The value of something is more than just a monetary figure; it is its worth and importance to you. Think of what you could do if you received a substantial lump-sum of money from a cell tower buyout. If you own a small business, could you use the money to expand and increase your revenue? If you run a non-profit, how many more people in the community could you reach? If you are retired, how would your quality of life and that of those you love improve?
Whether you seek the advice of a professional or rely on your own experience, there are countless ways you can invest your money to give you a return significantly greater than the amount of periodic cell tower rent you might receive from your site lease.
Furthermore, in the same way you know your business, we know ours. Just as you might turn to a real-estate broker to help you buy or sell your home, it makes sense to lean on the expertise of seasoned wireless industry professionals to maximize the value of your cell tower lease. Whether it is providing the correct market value for your buyout, renegotiating an expiring cell site lease, or bringing new wireless carriers to your property, you can financially benefit from our deep market knowledge and long-term partnership with you.
Baseline: Invest your current rent
Let’s take a look at apples-to-apples investment scenarios comparing typical site rent to some alternatives available with a lease buyout, also known as a prepayment.
To establish a baseline example, say you receive $1,000 per month and your cell tower rent increases 15% every five years. If you were to invest your entire rent check every month at a healthy 7% rate of return, and you think there is only a 1% chance your wireless lease might be terminated in any given year, your invested cell tower rent stream might look like this over time.
Alternative: Purchase an Investment Property
Now let’s assume you receive a cell tower lease buyout of $120,000 and are then able to use that as a 20% down payment on a $600,000 investment property with a 5% interest rate mortgage. You would now have a tangible asset with equity that is no longer subject to any kind of “termination”.
Furthermore, if we assume a realistic investment return (CAP Rate) of 6%, an annual increase in property value of 5%, property taxes of 2%, and a property rent increase of 3% every year, your invested lease buyout could look something like this over time.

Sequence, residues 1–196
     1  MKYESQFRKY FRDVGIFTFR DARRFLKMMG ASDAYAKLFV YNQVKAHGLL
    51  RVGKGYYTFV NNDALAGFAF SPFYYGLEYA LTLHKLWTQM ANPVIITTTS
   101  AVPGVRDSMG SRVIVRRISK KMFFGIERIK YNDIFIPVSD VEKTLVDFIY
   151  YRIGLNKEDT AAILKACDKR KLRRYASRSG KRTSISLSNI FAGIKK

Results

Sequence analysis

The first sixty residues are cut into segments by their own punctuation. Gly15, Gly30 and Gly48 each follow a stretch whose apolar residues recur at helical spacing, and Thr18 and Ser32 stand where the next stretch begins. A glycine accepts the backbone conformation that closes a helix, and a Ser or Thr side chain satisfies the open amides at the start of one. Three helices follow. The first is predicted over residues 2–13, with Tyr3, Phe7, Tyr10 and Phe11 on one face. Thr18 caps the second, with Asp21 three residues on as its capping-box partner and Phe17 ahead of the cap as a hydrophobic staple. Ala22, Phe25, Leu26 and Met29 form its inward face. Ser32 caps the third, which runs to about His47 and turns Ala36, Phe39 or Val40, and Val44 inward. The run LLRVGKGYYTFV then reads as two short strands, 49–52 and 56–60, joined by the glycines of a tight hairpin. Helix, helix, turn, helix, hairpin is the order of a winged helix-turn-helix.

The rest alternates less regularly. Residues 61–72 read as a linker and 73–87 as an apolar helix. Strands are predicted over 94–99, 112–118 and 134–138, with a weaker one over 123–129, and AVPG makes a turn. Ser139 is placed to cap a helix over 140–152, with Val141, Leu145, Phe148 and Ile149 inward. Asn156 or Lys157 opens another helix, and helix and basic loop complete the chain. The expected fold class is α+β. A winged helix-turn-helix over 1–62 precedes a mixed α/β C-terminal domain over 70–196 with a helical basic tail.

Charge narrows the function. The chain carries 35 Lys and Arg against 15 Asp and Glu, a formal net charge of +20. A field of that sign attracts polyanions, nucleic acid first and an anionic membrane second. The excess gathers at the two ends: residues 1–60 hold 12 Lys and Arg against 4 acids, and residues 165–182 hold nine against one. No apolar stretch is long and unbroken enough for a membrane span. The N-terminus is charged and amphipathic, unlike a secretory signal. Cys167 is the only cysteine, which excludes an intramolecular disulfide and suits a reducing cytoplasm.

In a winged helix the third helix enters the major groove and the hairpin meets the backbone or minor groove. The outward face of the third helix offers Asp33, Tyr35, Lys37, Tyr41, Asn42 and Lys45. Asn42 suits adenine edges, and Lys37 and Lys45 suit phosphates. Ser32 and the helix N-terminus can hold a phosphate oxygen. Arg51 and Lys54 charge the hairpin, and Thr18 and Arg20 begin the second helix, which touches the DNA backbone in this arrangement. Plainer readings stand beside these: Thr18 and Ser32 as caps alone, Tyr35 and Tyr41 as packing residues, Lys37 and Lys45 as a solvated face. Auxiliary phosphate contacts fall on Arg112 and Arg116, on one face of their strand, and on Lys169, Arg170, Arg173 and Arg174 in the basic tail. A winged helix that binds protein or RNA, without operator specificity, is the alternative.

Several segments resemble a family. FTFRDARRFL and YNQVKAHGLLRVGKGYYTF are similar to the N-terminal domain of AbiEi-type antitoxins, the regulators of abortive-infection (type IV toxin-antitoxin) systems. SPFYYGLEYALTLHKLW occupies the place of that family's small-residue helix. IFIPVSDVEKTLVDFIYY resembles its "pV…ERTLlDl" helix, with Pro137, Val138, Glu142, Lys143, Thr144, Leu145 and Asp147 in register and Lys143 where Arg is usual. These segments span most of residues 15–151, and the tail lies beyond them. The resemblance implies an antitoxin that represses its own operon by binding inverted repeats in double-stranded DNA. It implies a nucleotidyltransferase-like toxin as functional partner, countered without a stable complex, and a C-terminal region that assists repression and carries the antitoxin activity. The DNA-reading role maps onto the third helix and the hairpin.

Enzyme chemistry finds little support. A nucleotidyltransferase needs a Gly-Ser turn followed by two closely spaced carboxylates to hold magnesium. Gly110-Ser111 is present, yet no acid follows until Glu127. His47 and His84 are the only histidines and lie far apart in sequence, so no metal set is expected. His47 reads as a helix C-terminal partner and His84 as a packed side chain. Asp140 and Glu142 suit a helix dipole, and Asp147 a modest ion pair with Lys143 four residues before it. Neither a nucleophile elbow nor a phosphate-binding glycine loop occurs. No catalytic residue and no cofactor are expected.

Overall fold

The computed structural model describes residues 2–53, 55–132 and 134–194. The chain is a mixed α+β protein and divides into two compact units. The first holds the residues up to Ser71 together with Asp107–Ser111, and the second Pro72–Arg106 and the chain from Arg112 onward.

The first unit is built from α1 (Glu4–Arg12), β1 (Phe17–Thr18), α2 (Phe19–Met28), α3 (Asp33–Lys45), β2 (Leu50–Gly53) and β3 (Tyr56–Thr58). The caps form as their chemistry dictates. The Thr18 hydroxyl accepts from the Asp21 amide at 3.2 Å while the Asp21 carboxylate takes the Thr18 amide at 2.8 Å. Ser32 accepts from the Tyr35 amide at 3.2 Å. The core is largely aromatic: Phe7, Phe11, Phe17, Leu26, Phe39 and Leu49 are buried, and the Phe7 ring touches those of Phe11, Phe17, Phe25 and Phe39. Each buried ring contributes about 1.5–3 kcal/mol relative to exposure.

Alternative: Pay Down Debt
Whether it’s a personal loan, credit cards, or an equity line of credit, paying off debt can not only be a huge emotional relief, but also one of the most impactful ways of using your $120,000 lease buyout. Let’s assume you have borrowed money from various sources with a blended 11% interest rate (for reference, the average Annual Percentage Rate for variable rate credit cards is over 15%*).
The chart below illustrates how much money you would save over time by using your cell tower lease buyout to reduce your debt.
*According to Bankrate.com 10/29/2014
Alternative: Invest in Your Business
If you own a business or want to start one, there are countless ways you can use a cell tower lease buyout of $120,000 to help it grow. You might secure a small business loan, hire an additional employee, increase marketing efforts, upgrade back-office systems, open a new location, you name it. You are in charge and know how the money could be used best.
If you achieve a 10% return by investing in your business, this is the impact your lease buyout could have over time.
Alternative: Invest for Retirement
Many cell tower landlords are counting on their rent check to cover expenses in their retirement years. Not only is this an extremely risky approach, considering the very real possibility that the cell site can be terminated or the rent is reduced, but there are other established retirement strategies that can bring a greater and much safer return.
Let’s say that by working with a financial planner you are able to put your cell tower lease buyout to work gaining a 9% return. This is how a well-managed investment plan might compare over time.
The information in this chart is provided for illustrative purposes only and does not constitute investment advice. It is also not an offer to invest or to provide management services. The information is subject to correction, completion and amendment without notice. You should always consult with your own investment, accounting, legal and tax advisers to evaluate independently the risks, consequences and suitability of any investments you might make.